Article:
That was the main takeaway from Dr Michael Berger’s address to an Australian conference last week.
As CEO of PEFC International, the world’s largest forest certification scheme, Dr Berger is across the challenges of resource availability – his concerns substantiated by recent reports published by the World Bank and FAO.
Driven by urbanisation, decarbonisation and housing demand, specifically in the developing world, timber is increasingly replacing steel, aluminium and concrete according to a recent report by Investment Monitor.
PEFC (9%) and FSC (4%) collectively account for around 13% of the world’s total forest area – and for more than 20 years forest certification has provided a ‘green pathway’ for timber products to demonstrate sustainable credentials.
With the suspension of Russia and Belarus from both certification schemes, and with a number of countries including the United Kingdom and European Union banning the outright import of all timber from both countries, the Ukraine invasion has exacerbated the challenge.
For PEFC the number was around 15%.
Russia is the world’s largest softwood export market, at the time of the Ukraine invasion more than 20m hectares of Russia forest area was dual-certified by FSC and PEFC.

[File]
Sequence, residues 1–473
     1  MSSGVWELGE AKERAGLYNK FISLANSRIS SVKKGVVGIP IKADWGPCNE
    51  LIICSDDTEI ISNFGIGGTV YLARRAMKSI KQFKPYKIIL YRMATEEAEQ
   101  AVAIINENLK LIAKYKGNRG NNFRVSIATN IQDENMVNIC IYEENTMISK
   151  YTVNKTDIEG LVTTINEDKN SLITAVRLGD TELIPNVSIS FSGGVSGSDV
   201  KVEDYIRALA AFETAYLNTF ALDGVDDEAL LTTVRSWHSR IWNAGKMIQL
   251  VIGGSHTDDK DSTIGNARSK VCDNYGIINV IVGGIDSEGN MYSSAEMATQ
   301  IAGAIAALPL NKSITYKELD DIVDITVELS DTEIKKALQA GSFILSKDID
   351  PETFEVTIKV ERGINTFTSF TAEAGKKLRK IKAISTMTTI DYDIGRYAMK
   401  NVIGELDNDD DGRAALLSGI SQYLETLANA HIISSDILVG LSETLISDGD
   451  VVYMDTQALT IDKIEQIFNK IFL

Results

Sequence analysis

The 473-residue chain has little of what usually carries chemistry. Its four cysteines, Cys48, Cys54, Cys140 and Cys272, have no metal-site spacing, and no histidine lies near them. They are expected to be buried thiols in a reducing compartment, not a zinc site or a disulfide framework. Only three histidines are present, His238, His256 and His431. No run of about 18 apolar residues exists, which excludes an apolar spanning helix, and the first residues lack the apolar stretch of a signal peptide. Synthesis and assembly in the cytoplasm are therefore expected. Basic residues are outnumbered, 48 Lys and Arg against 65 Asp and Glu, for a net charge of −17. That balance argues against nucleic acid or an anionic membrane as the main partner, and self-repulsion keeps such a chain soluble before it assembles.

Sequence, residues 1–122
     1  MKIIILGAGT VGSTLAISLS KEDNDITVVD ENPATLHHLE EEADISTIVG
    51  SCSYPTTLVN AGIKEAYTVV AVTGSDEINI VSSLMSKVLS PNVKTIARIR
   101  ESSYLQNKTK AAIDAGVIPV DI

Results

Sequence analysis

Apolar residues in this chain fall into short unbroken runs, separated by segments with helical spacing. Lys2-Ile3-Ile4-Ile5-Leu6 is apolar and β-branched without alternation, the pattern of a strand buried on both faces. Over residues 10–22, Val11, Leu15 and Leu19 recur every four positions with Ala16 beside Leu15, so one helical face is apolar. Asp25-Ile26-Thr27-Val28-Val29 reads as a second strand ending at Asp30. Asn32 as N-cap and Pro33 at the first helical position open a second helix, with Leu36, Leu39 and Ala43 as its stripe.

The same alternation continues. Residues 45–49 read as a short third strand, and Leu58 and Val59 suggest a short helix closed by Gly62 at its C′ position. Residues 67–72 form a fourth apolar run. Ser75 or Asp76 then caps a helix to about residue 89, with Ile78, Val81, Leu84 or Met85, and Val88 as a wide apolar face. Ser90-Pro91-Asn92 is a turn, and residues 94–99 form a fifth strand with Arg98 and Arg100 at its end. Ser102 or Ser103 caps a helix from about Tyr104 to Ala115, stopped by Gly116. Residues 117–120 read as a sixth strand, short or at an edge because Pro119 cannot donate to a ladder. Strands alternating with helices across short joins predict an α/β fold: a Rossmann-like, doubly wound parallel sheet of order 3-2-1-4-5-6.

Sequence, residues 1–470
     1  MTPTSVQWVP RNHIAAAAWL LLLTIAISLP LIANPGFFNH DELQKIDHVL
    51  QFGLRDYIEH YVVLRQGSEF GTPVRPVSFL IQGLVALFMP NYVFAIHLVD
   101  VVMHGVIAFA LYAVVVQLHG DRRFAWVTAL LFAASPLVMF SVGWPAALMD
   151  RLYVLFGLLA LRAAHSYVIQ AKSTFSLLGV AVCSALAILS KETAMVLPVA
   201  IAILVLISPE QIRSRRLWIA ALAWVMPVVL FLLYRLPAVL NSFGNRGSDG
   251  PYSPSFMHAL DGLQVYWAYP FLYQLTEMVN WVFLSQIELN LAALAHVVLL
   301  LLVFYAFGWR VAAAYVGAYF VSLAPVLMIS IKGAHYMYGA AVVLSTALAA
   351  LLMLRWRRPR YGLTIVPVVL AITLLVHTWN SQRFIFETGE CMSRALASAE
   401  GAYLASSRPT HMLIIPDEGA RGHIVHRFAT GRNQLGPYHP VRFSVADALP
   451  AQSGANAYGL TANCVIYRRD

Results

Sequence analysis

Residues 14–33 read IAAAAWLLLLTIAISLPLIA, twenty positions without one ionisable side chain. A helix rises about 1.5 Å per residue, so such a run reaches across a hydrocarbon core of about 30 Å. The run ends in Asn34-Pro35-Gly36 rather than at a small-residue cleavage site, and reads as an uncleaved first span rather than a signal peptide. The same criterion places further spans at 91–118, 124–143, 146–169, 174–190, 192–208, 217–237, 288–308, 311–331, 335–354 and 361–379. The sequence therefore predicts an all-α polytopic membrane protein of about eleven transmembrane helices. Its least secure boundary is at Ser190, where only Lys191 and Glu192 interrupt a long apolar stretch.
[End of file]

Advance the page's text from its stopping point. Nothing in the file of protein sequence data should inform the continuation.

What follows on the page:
In total this represented almost 25% of the world’s dual certified forest area.
And that only considers area that has been taken out of the global markets for certified forest products, not the long-term degradation of forests caused by the conflict or record shipments of Russian timber using third parties to contravene trade bans.
So where will the long-term supply come from?
Expansion of commercial forest production in new markets
The first option is the expansion of commercial forest production into emerging markets – specifically Africa, the Middle East, and the Oceanic regions.
According to Investment Monitor, the majority of timber supply are ‘softwoods’ from temperate forests in the northern hemisphere (specifically Canada, the USA, northern Europe and Russia) and plantations in Oceania (Australia and New Zealand).
Whether emerging markets have the infrastructure to establish effective plantations – let alone certified forests – is a challenge.
The vast majority of growth in certification over the past 10-to-15 years has been in ‘dual certification’ where an FSC-certification scheme has been established in a PEFC country and vice versa.
According to a well-placed source:
“FSC and PEFC have set up schemes in all the countries that have the infrastructure, the challenge is to now invest in the regions that do not have sufficient infrastructure to support certification.”